- Intro to theoretical probability
- Experimental versus theoretical probability simulation
- Theoretical and experimental probability: Coin flips and die rolls
- Random number list to run experiment
- Random numbers for experimental probability
- Interpret results of simulations
Experimental versus theoretical probability simulation.
Want to join the conversation?
- do you know the link for this website is?(5 votes)
- Logic and truth tables.
Can you please give a brief explanation in connecting to topic to a real world problem or in the work place.(2 votes)
- Probability is our guess or better say estimate of how would things work. A very simple example and realistic could be say there is some chance that say 60% that there will be a traffic jam on a sunday. Say you leave for a fun ride on sunday then it is not necessary that you will encounter a Jam but you can expect it and estimates suggest that there will be a Jam and remember so estimates are just expectation not necessarily we are right. I hope this makes sense and answers our query.(4 votes)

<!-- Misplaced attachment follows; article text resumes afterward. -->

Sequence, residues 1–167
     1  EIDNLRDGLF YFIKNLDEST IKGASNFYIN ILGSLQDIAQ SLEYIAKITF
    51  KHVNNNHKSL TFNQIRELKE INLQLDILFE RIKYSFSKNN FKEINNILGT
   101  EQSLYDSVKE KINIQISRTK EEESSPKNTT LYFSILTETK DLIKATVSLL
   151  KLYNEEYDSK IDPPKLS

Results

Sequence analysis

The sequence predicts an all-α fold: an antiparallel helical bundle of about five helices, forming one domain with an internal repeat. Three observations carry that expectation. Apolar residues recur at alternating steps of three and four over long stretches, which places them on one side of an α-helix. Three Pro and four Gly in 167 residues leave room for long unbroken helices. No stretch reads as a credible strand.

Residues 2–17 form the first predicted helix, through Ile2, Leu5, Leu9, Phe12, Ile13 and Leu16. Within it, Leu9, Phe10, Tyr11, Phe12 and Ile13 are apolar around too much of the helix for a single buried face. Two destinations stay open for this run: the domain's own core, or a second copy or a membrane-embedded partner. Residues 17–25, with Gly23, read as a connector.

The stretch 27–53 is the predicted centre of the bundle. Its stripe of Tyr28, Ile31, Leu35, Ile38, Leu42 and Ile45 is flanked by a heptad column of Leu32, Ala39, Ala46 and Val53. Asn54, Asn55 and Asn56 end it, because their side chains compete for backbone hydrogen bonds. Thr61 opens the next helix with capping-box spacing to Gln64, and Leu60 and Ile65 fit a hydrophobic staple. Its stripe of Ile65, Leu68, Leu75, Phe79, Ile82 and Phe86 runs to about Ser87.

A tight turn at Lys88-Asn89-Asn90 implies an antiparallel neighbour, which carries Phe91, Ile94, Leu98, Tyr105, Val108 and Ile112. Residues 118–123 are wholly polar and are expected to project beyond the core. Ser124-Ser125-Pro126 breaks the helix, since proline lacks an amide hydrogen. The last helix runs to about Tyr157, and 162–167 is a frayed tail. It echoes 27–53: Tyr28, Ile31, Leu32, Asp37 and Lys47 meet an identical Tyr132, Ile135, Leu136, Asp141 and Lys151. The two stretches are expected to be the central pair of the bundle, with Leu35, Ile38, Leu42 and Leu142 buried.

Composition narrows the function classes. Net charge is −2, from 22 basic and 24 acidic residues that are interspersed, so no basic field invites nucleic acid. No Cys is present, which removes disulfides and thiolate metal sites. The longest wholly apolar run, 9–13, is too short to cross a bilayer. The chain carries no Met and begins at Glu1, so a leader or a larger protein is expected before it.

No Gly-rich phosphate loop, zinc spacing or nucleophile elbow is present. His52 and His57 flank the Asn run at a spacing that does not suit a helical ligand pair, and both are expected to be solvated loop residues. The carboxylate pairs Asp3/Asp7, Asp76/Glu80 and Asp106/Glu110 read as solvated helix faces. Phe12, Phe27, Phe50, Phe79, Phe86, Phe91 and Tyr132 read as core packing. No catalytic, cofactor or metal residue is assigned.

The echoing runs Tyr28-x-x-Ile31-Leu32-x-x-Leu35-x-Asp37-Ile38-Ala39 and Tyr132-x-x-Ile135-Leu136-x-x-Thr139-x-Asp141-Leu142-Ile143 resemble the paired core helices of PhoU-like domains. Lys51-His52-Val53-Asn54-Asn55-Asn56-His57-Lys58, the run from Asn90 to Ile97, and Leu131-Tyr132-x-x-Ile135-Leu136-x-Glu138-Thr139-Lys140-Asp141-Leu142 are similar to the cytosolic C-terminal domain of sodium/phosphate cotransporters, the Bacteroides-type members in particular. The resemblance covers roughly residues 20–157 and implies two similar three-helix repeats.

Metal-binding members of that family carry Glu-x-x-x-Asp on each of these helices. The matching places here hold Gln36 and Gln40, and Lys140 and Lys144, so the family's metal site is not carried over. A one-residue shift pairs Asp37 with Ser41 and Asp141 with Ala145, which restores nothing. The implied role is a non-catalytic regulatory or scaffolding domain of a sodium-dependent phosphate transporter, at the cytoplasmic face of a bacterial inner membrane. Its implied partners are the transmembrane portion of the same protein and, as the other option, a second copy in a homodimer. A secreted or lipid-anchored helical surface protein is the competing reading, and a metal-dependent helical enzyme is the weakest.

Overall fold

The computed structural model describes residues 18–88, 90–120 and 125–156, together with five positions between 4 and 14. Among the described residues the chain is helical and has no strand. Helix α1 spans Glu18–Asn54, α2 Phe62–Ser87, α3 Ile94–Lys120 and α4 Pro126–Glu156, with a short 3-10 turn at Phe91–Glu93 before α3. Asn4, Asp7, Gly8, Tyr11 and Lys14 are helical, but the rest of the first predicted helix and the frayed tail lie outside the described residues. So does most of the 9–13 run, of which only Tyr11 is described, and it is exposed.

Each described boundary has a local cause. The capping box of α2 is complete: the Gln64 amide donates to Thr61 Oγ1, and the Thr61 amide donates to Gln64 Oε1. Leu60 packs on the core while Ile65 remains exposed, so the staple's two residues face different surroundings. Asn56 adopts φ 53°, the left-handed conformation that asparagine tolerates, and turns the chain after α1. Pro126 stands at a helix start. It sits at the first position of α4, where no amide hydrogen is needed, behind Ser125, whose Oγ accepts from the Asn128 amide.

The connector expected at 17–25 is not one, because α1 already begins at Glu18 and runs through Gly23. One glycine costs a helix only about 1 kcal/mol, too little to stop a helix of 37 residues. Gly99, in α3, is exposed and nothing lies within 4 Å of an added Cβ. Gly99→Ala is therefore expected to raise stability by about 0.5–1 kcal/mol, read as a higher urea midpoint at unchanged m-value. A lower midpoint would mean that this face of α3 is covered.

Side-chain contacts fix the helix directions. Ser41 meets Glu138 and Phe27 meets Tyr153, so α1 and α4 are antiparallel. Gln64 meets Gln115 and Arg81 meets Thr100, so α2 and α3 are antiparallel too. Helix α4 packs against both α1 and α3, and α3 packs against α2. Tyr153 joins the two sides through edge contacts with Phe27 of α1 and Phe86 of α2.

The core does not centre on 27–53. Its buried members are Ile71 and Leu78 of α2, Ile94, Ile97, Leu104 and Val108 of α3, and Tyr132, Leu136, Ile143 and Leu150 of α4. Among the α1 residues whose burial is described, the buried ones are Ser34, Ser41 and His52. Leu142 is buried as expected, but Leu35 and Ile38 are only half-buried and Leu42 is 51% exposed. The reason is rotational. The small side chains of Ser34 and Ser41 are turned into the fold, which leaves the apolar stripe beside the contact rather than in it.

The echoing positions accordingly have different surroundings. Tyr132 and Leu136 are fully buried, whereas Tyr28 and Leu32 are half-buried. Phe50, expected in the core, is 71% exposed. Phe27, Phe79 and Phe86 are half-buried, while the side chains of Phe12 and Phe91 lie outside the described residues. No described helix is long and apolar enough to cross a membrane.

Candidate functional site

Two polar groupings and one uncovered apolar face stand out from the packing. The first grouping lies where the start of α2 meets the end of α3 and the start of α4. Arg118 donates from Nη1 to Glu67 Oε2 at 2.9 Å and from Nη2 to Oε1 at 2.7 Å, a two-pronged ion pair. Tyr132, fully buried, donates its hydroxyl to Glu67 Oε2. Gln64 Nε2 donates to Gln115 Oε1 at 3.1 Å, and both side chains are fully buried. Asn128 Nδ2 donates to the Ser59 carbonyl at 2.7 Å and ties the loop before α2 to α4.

- Question - Does it matter what the coin side is before the toss is made?(3 votes)
- The side which it is tossed on does NOT matter, because the coin is getting flipped so many times in the air, that it would end up as heads or tails. Speaking in terms from the Law of Large Numbers, a EXTREMELY LARGE amount of flips would probably equal about the theoretical average.(1 vote)
- how does this program generate this toss randomly?(2 votes)
- Probably not the answer you are looking for. But it looks like java script: http://digfir-published.macmillanusa.com/stats_applet/stats_applet_10_prob.html(2 votes)
- Is this exactly what Law of large Numbers?(1 vote)
- I copied this from Wikipedia.
In probability theory, the law of large numbers (LLN) is a theorem that describes the result of performing the same experiment a large number of times. According to the law, the average of the results obtained from a large number of trials should be close to the expected value and will tend to become closer to the expected value as more trials are performed.